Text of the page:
The Swiss government banned restaurateurs Wednesday from throwing lobsters into boiling water while they were still alive, amid concerns that crustaceans feel pain during the common culinary practice.

“The practice of plunging live lobsters into boiling water, which is common in restaurants, is no longer permitted," the ruling that will take effect in March stated. “Live crustaceans, including the lobster, may no longer be transported on ice or in ice water. Aquatic species must always be kept in their natural environment. Crustaceans must now be stunned before killing them."

According to Swiss public broadcaster RTS, only electric shock or the “mechanical destruction” of the lobster’s brain will be accepted methods of stunning the animals. Lobsters react to sudden stimulus, like twitching their tails when placed in boiling water.​

The ruling came as part of a broader reform of the country's animal welfare regulations.

Animal rights advocates and some scientists argued lobsters and other crustaceans have sophisticated nervous systems and likely feel significant pain when boiled alive. Animal welfare scientists define pain as "an aversive sensation and feeling associated with actual or potential tissue damage."

The latest order also aimed at a crackdown on illegal puppy farms and imports, and also banned devices that automatically punish dogs when they bark.

In 2013, Robert Elwood, a professor of animal behavior at Queen's University in Belfast, Northern Ireland, said there was evidence crustaceans — crabs, prawns, lobsters and other creatures — feel pain when boiled alive.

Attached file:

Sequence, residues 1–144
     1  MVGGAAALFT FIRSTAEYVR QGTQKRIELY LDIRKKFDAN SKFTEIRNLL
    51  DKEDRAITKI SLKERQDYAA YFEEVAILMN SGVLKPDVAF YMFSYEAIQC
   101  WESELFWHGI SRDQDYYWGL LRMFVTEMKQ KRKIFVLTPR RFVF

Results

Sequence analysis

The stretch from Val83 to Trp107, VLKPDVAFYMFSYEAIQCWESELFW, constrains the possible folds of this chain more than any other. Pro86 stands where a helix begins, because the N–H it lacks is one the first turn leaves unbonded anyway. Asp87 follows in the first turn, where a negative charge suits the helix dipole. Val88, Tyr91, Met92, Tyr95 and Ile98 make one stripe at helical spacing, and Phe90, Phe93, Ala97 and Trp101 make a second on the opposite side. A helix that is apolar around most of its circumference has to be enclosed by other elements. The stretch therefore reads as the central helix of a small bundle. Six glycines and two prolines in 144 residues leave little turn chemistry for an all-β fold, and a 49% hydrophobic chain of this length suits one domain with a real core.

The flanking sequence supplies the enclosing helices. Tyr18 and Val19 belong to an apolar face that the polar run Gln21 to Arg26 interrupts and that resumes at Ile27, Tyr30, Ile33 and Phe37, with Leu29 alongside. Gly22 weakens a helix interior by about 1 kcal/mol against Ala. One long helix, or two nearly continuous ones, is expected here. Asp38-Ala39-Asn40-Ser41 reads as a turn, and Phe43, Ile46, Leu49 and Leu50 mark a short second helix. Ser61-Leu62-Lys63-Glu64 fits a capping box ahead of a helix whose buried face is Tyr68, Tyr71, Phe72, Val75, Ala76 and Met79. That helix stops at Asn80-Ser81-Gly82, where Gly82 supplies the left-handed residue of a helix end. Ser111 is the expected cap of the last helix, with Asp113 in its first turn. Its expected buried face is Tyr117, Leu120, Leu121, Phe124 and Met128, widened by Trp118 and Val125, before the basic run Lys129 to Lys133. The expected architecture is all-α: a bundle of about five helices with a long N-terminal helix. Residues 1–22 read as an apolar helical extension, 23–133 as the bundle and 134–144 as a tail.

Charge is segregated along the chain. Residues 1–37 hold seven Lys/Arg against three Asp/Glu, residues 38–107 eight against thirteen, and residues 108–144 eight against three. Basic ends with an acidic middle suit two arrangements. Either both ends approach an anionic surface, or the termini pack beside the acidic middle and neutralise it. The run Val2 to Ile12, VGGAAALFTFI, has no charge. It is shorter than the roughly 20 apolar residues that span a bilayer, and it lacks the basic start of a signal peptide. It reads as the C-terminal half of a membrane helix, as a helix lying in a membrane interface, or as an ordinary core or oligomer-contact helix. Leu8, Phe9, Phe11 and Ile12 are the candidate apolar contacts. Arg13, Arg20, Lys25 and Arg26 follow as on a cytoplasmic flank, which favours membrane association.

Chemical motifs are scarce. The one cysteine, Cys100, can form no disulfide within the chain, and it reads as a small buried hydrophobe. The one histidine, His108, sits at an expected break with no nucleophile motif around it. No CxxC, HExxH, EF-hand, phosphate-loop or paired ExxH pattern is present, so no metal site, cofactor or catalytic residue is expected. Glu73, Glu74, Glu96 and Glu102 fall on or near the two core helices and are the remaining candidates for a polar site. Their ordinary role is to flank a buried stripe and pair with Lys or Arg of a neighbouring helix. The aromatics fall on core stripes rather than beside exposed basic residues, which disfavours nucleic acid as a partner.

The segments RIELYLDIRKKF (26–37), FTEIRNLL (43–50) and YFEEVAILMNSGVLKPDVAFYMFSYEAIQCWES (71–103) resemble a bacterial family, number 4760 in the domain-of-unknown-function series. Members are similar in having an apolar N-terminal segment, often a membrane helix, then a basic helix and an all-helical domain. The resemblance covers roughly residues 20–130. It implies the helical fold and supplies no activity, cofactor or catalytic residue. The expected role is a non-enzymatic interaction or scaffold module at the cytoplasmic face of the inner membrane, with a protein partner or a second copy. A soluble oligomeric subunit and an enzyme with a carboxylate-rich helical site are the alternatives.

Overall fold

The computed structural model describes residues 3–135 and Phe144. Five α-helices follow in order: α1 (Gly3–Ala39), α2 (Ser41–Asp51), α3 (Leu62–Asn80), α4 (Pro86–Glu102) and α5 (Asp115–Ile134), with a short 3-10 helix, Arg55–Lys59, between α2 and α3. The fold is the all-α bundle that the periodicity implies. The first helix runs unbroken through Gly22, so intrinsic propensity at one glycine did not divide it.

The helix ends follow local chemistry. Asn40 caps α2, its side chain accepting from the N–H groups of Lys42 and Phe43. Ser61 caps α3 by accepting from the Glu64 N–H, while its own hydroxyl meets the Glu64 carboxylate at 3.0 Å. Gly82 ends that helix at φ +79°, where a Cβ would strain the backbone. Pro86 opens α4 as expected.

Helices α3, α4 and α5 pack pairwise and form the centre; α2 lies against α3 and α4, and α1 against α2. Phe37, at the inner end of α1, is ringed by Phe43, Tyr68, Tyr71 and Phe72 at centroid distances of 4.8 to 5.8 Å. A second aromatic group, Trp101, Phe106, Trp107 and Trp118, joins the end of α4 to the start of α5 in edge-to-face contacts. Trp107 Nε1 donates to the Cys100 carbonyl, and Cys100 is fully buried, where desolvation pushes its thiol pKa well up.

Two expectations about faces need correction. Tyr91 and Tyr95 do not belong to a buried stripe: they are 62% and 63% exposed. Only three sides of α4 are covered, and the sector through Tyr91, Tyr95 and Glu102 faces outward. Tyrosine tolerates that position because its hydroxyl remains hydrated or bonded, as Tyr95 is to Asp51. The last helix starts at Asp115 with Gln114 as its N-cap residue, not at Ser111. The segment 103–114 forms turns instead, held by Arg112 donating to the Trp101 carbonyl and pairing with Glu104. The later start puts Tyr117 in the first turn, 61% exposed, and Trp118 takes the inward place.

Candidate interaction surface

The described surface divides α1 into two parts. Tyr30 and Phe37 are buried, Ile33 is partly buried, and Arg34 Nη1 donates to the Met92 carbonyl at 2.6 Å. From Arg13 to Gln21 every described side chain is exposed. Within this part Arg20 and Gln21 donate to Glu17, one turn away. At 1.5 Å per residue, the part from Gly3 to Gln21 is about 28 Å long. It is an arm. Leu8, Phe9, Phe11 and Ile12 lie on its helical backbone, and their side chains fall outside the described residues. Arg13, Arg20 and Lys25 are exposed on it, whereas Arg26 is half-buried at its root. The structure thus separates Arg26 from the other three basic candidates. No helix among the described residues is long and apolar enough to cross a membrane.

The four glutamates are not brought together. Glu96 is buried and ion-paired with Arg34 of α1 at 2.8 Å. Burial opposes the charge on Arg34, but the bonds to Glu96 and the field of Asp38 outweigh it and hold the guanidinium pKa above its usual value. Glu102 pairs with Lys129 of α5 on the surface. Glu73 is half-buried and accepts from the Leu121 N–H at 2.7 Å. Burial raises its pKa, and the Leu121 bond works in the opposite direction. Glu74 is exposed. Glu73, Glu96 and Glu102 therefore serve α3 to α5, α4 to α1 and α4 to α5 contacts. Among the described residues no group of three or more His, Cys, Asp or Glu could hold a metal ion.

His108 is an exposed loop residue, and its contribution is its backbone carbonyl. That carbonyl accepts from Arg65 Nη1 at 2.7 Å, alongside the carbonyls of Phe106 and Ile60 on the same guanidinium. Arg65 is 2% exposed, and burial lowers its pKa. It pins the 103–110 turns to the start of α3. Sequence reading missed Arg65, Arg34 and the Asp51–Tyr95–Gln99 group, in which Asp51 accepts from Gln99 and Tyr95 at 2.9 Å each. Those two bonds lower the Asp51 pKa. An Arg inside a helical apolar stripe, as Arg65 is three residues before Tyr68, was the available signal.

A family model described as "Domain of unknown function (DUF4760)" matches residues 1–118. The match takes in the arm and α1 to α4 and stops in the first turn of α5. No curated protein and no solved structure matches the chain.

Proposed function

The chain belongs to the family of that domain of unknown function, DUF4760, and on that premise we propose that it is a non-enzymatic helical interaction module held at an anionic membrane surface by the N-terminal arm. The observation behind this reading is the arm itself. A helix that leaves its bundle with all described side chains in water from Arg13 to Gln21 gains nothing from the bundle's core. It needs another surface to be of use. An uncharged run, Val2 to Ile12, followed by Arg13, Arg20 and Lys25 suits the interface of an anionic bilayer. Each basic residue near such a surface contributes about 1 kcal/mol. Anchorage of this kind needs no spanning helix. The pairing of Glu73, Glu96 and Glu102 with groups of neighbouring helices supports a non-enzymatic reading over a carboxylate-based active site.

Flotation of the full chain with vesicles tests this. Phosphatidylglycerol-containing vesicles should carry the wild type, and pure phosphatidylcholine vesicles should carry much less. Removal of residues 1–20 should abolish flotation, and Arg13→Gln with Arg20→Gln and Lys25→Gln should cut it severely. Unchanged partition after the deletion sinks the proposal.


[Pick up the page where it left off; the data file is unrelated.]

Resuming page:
According to Elwood, crustaceans are subjected to “extreme procedures” — lobsters in factories having their legs removed while they are still alive, crabs being kept alive in ice water in fish markets, and live prawns being impaled on sticks for eating. Such procedures, he noted, “would never be allowed with vertebrates.”

During his experiment with lobsters, Elwood thought he would see nothing more than reflex reactions. But, when he brushed acetic acid on their antennae, they began grooming the treated antennae with complex, prolonged movements of both front legs. During another experiment, Elwood found crabs learned to avoid a hideaway where they were repeatedly given an electric shock.

A Norwegian study from 2005 concluded lobsters do not have brains, so they do not feel pain.

With the belief that lobsters felt pain when boiled alive, Whole Foods in 2006 banned the sale of live lobsters and crabs in its stores, citing that transporting, storing, and cooking live animals was inhumane.